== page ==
“Following a sell-out show in Brick Lane and subsequent successful art fairs, we really wanted to fulfil the dream of having an art show that would offer the “kid in a candy shop” experience – for the big kid in all of us.” says Vic Dry. “Rubbish up-cycled into a work of art that evokes happy memories – which doesn’t in- volve consuming any calories!”
The ‘Bashful’ pink shrimp is the largest piece Simon has produced as it was Simon’s favourite penny sweet when he was a kid, holding a great affection for him. Vic has a soft spot for the Quality Street “Goldfinger” – her favourite Christmas sweet – which has already sold.
”This time around the pieces are more complex, better crafted and took longer to make. We have also expanded our subject matter to include classic soft drinks,” said Simon. Vic added, “It is still nerve-wrack- ing but there is even more love and nostalgia in this show – SweetArt has really touched people. Mention sweets and we all have memories of spending money at the local sweet shop, Christmases, birthdays and our favourites… it’s an evocative subject and is always greeted with enthusiasm.”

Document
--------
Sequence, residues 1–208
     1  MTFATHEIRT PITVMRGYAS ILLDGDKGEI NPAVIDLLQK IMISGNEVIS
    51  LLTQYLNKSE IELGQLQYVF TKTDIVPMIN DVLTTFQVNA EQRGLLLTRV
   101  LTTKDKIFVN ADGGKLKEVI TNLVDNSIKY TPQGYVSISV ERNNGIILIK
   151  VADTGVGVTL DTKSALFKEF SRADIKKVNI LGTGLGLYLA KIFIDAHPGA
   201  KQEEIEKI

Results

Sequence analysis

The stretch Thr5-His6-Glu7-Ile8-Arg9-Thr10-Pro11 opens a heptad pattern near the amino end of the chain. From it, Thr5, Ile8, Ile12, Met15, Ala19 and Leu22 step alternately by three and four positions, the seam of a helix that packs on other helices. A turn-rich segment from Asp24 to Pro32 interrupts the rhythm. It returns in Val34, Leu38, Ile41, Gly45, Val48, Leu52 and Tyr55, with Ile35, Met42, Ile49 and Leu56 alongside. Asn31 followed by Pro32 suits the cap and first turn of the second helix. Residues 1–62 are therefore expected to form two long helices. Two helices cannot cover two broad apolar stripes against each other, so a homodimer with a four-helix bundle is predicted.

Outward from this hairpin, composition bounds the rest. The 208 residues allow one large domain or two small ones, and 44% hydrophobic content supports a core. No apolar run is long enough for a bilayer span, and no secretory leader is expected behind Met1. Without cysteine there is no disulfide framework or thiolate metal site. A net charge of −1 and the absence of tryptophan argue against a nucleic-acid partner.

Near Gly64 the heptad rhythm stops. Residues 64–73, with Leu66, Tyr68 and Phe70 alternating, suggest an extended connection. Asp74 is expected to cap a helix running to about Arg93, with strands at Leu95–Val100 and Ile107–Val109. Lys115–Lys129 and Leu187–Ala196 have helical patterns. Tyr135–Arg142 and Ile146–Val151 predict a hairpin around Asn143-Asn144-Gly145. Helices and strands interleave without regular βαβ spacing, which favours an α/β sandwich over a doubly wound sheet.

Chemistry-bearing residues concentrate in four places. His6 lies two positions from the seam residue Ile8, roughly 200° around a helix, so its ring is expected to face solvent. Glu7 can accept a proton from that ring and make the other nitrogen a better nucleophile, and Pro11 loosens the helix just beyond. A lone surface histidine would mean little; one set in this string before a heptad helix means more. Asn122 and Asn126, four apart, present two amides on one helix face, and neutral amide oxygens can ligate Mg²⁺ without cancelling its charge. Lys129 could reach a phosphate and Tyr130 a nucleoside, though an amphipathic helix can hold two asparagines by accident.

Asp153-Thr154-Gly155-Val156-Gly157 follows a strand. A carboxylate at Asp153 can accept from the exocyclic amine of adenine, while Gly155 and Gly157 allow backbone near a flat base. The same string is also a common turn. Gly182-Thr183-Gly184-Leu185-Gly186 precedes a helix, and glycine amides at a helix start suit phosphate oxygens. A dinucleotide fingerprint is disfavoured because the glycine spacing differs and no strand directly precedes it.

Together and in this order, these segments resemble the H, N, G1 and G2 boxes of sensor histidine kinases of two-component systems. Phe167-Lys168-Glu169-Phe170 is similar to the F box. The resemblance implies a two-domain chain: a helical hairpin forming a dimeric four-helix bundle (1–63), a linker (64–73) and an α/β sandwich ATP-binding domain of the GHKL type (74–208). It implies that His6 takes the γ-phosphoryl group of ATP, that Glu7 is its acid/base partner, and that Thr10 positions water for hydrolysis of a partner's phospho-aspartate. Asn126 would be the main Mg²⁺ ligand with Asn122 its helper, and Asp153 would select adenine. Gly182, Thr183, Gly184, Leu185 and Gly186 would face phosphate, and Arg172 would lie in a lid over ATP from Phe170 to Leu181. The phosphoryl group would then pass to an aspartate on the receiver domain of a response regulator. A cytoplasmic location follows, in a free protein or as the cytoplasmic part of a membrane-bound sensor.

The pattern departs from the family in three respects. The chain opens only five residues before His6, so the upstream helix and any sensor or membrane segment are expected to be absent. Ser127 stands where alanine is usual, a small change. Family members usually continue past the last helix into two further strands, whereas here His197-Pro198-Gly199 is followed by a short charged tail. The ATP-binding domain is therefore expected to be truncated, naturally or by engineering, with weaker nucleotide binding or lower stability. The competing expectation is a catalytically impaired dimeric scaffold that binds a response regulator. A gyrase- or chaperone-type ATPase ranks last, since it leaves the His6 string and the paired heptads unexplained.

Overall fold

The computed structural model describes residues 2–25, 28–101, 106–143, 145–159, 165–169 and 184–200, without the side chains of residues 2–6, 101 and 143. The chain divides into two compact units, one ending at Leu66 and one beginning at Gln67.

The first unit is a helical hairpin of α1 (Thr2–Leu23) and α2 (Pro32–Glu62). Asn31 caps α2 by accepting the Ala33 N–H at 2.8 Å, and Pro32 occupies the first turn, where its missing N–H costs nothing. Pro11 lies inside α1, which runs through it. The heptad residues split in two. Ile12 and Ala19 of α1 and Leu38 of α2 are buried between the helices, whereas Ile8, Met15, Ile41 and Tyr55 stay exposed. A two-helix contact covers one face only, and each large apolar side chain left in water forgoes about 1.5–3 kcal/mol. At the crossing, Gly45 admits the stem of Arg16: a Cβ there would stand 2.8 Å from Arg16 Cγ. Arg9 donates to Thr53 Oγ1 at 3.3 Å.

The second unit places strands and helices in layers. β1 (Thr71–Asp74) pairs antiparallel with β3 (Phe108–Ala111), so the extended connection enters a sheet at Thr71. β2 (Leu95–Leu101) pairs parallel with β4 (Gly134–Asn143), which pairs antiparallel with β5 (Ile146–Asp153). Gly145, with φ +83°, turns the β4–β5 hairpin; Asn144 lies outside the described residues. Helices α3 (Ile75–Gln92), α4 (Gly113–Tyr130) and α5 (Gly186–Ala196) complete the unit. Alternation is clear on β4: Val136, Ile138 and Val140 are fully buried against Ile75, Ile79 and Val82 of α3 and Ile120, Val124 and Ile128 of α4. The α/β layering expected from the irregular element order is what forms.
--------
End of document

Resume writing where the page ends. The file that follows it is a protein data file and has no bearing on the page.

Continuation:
The SweetArt Story – A few years ago, a pile of discarded Quality Street wrappers sat on the post Christmas dinner table. A light shone through the wrappers and created a beautiful shadow effect on the wall. Simon Dry thought there could be a way of creating some beautiful images using them, but had no idea how to do it or what the subject matter should be.
For years after, the couple collected used wrappers from family, friends, and neighbours until their studio was bursting. Once Simon had enough raw material, he toyed with various ideas until Vic had a brain- wave. ‘Why not make big images of iconic sweets?’ Then, after much experimentation, SweetArt was born.